Judge for Yourself
 

Regardless of what you might assume, judicial clerkship opportunities are available to all students. Find out how to begin pursuing one, whether you're in your first, second, or final year of law school—or even beyond

by Debra M. Strauss*

If you have any interest in doing so, now is the time to start thinking about clerking for a judge. It doesn't matter which year in law school you're in. In fact, it's never too early or too late to consider this valuable career option.

If you're a first- or second-year student, it isn't too early to prepare. Many clerkships are competitive, so you'll want to start planning now to maximize your chances of obtaining the best clerkship for you.

If you're in your final year of law school, you may assume that your time for applying for a clerkship has come and gone. Not so. Many judges hire law students who apply on the verge of graduating, so you still have time to compile your application materials and submit them. Plus, there's also the opportunity to clerk for a judge after you've had one or more years of law practice under your belt. More and more judges are hiring such experienced candidates.

Before you set out on the road to a judicial clerkship, think about some key questions: What exactly is a judicial clerkship? Why pursue one? Why are these positions so desirable? What can you do to enhance your chances of being hired?

A judicial clerkship is a post-graduation position with a judge or a court, in which the clerk works closely with the judge to help handle his or her caseload. A clerk's duties vary by judge and court and can include any or all of the following: conducting legal research; marking trial exhibits and advising on evidentiary issues; assisting in the drafting of opinions and bench memos; and preparing voir dire and jury instructions. A law clerk generally acts as the judge's confidant and as a liaison between the judge and the lawyers or litigants.

Most clerkships are temporary. Depending on the judge, clerkships usually last one or two years. In some instances, a clerkship continues for a longer period, typically in the category of a "career" or "permanent" clerk. Some judges start their law clerks at the same time, while others stagger the terms, resulting in a "senior" and a "junior" clerk.

There are special types of clerkships aside from these better-known "elbow clerk" positions. Many courts have "staff attorneys," also known as "court attorneys" or "pro se" clerks, who rotate among the judges of the court and may specialize in certain types of cases.

The learning curve during a clerkship is astonishing. You'll observe activity in the courtroom and behind the scenes, see models of good and bad lawyering, develop your research and writing skills, and learn the nuts and bolts of litigation or appellate practice. In working one-on-one with your judge, you'll have an opportunity to affect the law through his or her rulings.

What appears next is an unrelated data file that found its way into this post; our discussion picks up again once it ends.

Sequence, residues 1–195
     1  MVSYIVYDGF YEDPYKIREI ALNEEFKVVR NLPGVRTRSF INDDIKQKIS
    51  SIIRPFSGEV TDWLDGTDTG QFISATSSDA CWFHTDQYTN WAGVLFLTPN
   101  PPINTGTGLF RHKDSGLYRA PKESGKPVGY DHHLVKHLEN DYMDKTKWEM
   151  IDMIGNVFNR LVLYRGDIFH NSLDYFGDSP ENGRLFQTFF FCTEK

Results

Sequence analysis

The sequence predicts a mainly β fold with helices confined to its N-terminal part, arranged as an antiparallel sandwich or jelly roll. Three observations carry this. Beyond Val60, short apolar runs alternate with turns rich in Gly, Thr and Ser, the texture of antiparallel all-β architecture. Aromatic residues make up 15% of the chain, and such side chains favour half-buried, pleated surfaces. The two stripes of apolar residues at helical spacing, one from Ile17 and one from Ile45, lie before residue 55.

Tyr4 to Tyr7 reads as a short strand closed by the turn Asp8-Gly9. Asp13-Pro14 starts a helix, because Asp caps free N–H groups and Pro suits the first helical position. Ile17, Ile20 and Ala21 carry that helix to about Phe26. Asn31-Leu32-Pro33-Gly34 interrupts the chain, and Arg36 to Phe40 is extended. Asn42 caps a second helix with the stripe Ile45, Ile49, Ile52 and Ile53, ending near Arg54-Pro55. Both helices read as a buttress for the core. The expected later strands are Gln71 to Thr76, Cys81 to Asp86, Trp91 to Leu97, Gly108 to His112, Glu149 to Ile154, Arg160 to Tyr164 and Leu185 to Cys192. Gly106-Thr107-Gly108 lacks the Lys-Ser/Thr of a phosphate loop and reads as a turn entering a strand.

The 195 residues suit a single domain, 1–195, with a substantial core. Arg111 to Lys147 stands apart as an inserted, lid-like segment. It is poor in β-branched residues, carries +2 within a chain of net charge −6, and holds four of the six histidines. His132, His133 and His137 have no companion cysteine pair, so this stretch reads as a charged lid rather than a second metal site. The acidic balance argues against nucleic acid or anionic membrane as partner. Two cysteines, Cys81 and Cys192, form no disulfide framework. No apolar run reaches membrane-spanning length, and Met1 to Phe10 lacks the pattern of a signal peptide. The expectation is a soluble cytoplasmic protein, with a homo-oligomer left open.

Add to this remarkable experience the fact that a judicial clerkship can complement your future career path. Law firms, public interest organizations, and government agencies all prize former clerks. A judicial clerkship also is essential if you're interested in teaching law as a tenured professor.

Regardless of your career plans, the experience and prestige of a clerkship will keep your options open and serve you well. Your judge stays on your résumé for life. He or she can help you build professional contacts. Judges often serve their former clerks as mentors throughout their careers.

A variety of positions

Many clerkship opportunities are available, involving a large array of judges and courts. A mistake students often make is to look too narrowly and overlook the full range of courts and judges, most of whom can provide an enriching clerkship experience. To maximize your chances, be flexible in considering your options and cast a wide net.

Clerkships are available at the trial and appellate levels for federal, state, and local court systems. At the federal trial level are the U.S. district courts, including district judges and magistrate judges. There's also a variety of specialty courts such as tax, bankruptcy, federal claims, veteran appeals, and international trade. In addition, clerkships are available at various government agencies, which employ their own administrative law judges, or ALJs, to preside over administrative hearings.

Federal appellate clerkships are available for judges in each of the U.S. courts of appeals (divided into 12 regional circuits across the country), as well as the Federal Circuit with its intellectual property and patent focus. Clerkships at the U.S. Supreme Court are the most elite and competitive of all. These secondary clerkships follow appellate clerkships, typically from prestigious "feeder" judges.

Federal clerkships are only part of the picture, so don't necessarily limit your focus to them. Clerkships are bountiful in the 50 state court systems, as well as the District of Columbia's local courts. Opportunities can be found in trial courts of general jurisdiction and in courts of limited jurisdiction specialized by types of cases, such as probate, criminal, municipal, housing, juvenile, or family court. Most states offer clerkships in their intermediate appellate courts, which are far less competitive than their federal counterparts. Not to be overlooked are those available in the highest court of each state. These clerkships mirror the experience of federal appellate clerkships. They offer the potential to shape the law of a state while making contacts with local judges and lawyers, particularly useful for future law practice in your state.